• Declaring maritime closure areas: The PRC declared maritime navigation closure areas around Taiwan during the August exercises, which were connected to missile launches and naval exercise activity. 
  • Confronting foreign ships and aircraft: The PRC operates under a principle of “ships must be followed and planes must be checked” (連艦必跟連機必查), under which foreign military assets are challenged—and US vessels within the First Island Chain may be subject to simulated attack.
  • Longer-range sea navigation exercises: With its aircraft, the PLA stepped up flights around Taiwan through the Miyako Strait (east-northeast of Taiwan, between the Miyako Islands and Okinawa) and the Bashi Channel (south of Taiwan, between Taiwan and the Philippines), employing longer-range aircraft such as H-6 bombers and Y-8 reconnaissance aircraft. The PLAN conducted air and sea exercises past the First and Second Island Chains, which are part of a PLA effort to effect “strategic encirclement [of Taiwan] and seize regional military superiority” (戰略包圍及掌控區域軍事優勢).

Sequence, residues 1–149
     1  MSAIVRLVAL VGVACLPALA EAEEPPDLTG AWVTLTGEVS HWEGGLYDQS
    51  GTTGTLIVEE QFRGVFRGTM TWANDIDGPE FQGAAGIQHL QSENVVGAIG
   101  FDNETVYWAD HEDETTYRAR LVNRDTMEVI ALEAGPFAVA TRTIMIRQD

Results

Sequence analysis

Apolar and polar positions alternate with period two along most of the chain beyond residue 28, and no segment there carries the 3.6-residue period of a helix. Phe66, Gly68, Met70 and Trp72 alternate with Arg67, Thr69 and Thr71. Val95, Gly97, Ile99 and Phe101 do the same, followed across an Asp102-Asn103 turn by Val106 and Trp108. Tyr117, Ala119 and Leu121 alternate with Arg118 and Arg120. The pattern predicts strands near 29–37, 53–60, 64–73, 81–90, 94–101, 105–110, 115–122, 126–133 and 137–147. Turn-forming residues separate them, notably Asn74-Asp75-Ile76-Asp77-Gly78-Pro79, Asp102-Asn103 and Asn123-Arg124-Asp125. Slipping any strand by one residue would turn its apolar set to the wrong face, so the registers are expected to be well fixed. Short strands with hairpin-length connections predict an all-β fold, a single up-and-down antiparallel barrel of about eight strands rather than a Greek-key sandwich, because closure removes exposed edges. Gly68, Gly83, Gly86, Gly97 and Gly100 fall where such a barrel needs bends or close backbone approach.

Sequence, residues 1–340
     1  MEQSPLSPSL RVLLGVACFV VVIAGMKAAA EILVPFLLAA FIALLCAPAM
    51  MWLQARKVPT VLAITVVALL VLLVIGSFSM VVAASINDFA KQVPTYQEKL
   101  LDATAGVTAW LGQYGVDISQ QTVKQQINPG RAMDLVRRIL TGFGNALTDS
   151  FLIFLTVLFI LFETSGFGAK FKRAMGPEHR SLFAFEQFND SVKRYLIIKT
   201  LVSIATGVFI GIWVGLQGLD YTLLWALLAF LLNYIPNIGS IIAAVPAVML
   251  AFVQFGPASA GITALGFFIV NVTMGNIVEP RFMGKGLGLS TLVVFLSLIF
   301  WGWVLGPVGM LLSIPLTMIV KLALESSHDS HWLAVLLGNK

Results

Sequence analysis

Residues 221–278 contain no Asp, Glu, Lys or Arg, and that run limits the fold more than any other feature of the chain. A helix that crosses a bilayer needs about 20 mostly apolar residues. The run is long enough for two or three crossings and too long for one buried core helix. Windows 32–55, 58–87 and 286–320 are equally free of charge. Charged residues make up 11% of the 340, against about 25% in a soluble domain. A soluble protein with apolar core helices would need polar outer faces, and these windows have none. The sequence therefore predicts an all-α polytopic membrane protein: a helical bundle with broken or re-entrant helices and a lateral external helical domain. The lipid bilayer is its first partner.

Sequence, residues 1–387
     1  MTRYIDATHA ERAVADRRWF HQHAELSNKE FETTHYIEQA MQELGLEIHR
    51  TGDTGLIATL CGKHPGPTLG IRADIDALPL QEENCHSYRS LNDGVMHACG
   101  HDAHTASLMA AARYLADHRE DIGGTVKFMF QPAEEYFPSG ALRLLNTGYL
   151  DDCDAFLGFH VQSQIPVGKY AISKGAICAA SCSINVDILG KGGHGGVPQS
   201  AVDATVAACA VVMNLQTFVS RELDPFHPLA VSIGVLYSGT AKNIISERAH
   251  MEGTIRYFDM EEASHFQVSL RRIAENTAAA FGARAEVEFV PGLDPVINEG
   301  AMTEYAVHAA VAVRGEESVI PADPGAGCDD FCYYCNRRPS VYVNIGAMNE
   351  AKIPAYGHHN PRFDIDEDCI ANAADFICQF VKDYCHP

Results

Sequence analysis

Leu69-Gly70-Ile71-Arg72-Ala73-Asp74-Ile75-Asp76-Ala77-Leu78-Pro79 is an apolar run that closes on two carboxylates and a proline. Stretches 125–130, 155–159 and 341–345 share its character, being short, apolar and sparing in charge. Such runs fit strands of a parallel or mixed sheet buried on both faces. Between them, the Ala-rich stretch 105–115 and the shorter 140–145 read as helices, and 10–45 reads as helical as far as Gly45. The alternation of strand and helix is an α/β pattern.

• Joint military combat operations exercises: The PLA conducted multiple forms of military exercises around Taiwan in 2022: the report particularly notes the “simulated blockade of Taiwan’s international communications and navigation channels” (模擬封鎖臺灣對外交通航道) as a point of concern. [9]

Notably, the report explicitly links many of these actions with psychological warfare. For example, it states that the PRC’s declared closure areas “were also featured in state media, and promoted on the internet, implementing military intimidation towards us, and generating panic among the people” (同時秀過官媒 網路渲染 對我進行軍事威懾 造成民心恐慌); and it describes the August missile launches as intended to “create social tensions in our society” (試射飛彈製造我社會不安). [10]